The Chien Laboratory

Research Overview

The mission of Applied Genomics & Cancer Therapeutics (AGCT) program is to improve the standard of care for patients with ovarian cancer through advances in targeted therapeutics, molecular diagnostics, and early detection.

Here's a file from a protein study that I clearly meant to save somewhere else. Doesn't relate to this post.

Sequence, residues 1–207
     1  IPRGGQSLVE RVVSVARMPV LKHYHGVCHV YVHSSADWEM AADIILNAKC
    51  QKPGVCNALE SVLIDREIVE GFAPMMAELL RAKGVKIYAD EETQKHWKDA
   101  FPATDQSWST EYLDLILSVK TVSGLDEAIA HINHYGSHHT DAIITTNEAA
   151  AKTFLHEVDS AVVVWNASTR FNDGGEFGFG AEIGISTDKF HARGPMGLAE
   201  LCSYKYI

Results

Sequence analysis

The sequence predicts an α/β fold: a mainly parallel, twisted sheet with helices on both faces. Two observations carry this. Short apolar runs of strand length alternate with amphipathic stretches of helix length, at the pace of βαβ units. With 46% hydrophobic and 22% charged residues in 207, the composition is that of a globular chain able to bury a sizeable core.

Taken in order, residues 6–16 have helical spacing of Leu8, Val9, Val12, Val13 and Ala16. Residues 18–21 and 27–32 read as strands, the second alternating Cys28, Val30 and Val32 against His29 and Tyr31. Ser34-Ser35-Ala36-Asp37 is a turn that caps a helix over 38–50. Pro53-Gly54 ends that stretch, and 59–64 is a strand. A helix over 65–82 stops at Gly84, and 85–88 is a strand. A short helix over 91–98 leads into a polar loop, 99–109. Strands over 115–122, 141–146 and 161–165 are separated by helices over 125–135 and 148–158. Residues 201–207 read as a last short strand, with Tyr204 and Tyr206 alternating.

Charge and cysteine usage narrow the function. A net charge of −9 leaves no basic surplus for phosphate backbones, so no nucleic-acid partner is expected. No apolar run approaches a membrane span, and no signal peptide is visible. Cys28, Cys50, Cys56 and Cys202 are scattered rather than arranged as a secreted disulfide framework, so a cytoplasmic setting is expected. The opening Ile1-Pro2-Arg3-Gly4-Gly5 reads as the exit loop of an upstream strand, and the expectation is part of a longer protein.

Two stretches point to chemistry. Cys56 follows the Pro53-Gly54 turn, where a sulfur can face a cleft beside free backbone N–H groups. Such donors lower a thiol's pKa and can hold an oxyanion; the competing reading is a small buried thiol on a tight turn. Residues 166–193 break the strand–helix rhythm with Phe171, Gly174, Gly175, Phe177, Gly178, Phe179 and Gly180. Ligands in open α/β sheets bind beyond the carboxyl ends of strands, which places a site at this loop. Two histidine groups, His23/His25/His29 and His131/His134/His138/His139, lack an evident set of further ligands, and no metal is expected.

figure1To advance targeted therapeutics and molecular diagnostics, we are currently focusing on molecular mechanisms associated with chemotherapy resistance. Given that the resistance to platinum-based chemotherapy (cisplatin and carboplatin) is a major issue in the treatment of ovarian cancer, we are investigating molecular mechanisms associated with platinum resistance. Platinum agents like cisplatin and carboplatin cause DNA damages by creating platinum-DNA adducts mainly at intra-strand GpG and ApG sites [1]. These adducts create DNA lesions and in the background of defects in the DNA repair pathway, which are a common feature in high-grade serous ovarian cancer, they result in progressive DNA damage and cell death. Consequently, cancer cells with defects in DNA repair function are selectively sensitive to these agents. Unfortunately, after several rounds of platinum-based chemotherapy, the majority of ovarian cancer acquires resistance to the treatment. Platinum resistance is multifactorial and can be conceptually organized into four categories: “pre-target”, “on-target”, “post-target”, and “off-target” mechanisms of resistance [2]. My research program explores these mechanisms by focusing on stroma-mediated resistance, DNA repair pathway, NF1/Ras pathway, and clonal selection (Figure 1).